The front and rear ends have been sharpened up, and there’s no doubt which is the newer, fresher model if you were to park old and new next to each other. I like the new styling, but I didn’t think the old had aged badly either. If anything, the new Q7 just looks more stylised, sharper, a little edgier, and less bluff-fronted than the outgoing model.

For such a big SUV, I think the new front looks elegant and classy. The headlight DRL signatures, for many manufacturers the defining point of their styling revisions, remain unmistakably Audi. If you see the new Q7 approach in your rear-view mirror, you will know exactly what it is.

Likewise, the tail-lights and rear end design are both fresh, but without a doubt from the Audi stable. There’s no homogenised design here that might leave you wondering what you’re looking at.

While plenty of us buy cars and SUVs for what they say on the road, there’s no doubt that the new Q7’s biggest statement comes inside the cabin, especially when you take a seat in the driver’s pew. The new technology and the way it’s been integrated is brilliant.

The fully digital MMI user interface (10.1-inch screen up top and an 8.6-inch screen below) features a haptic touchscreen that isn’t as prone to fingerprints as some, which is an unexpected bonus. Fingerprints are the bane of my existence in a modern car, what with the glossy touchscreens and piano-black trim, but this one is better than most. The quality and feel of the system make it appear like it has come down the line from a high-end limousine, which is basically what has happened in the Audi lineage.

Virtual Cockpit (with a 12.3-inch high-resolution display), which has been a favourite with us regardless of vehicle or platform since Audi introduced it, looks right at home in front of the driver and the graphics are pin-sharp as always. You also get all manner of vehicle-to-the-ether connectivity – with the cloud-based Amazon Alexa voice service, a Wi-Fi hotspot, and Google Earth navigation.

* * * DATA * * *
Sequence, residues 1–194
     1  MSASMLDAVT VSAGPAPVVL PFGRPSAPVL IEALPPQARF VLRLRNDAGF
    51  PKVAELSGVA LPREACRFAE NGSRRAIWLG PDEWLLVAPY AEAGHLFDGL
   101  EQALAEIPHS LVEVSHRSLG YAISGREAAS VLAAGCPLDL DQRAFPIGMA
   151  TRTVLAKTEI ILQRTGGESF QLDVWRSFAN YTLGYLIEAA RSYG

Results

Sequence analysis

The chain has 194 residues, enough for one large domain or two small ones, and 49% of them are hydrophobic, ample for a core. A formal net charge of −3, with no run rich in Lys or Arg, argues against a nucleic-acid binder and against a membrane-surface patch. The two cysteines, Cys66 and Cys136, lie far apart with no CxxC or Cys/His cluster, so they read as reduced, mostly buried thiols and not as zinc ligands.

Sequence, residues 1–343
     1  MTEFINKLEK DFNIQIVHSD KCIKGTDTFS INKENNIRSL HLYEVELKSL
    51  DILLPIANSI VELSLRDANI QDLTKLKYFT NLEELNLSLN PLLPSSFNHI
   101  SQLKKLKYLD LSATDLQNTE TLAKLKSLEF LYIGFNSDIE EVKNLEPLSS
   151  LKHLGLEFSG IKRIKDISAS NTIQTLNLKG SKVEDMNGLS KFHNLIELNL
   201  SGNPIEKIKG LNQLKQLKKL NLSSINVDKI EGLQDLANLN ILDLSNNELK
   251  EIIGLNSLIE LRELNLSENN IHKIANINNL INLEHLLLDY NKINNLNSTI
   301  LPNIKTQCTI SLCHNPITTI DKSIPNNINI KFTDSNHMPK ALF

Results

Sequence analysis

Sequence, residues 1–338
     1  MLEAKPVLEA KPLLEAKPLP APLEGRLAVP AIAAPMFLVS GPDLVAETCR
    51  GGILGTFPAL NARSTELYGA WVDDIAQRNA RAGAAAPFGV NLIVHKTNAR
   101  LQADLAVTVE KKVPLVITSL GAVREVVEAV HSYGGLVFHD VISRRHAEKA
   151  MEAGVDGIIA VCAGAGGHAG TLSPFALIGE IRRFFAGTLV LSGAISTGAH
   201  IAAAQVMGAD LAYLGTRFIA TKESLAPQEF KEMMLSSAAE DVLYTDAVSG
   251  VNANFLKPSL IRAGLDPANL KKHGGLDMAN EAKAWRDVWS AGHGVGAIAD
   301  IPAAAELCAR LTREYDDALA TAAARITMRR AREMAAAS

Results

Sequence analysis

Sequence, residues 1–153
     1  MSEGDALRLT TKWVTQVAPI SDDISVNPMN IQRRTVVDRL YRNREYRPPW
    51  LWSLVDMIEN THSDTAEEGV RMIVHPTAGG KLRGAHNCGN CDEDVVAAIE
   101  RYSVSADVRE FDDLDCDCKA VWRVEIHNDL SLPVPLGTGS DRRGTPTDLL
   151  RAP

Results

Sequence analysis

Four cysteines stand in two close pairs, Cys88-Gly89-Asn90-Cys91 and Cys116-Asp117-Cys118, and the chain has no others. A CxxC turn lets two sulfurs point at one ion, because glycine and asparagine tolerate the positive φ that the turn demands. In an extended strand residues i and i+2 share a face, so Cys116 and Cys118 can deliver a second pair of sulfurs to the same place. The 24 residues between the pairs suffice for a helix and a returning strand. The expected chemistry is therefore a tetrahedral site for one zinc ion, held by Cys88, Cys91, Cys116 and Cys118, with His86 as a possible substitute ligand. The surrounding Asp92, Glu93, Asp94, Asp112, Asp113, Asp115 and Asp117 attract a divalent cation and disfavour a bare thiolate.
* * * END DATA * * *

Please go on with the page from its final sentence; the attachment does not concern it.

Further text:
I often find where Apple CarPlay is available in my case, I’ll opt for my phone’s navigation system, but that’s not so with the excellent way that Google Earth is integrated into the Q7. It’s clear, concise, fast to react and accurate, and it’s so intuitive to use that most buyers will opt for it over their phone’s native system.

On the subject of phone connectivity, the Q7 gets Apple CarPlay and Android Auto standard. At launch I tested CarPlay, both via USB and wireless, and it worked faultlessly. There’s a wireless charge pad in the centre console, as well, but crucially for me there is room to hide the phone in there when it is plugged in. That keeps it from rattling around a cupholder or some other hidey-hole that isn’t designed to safely house a large smartphone.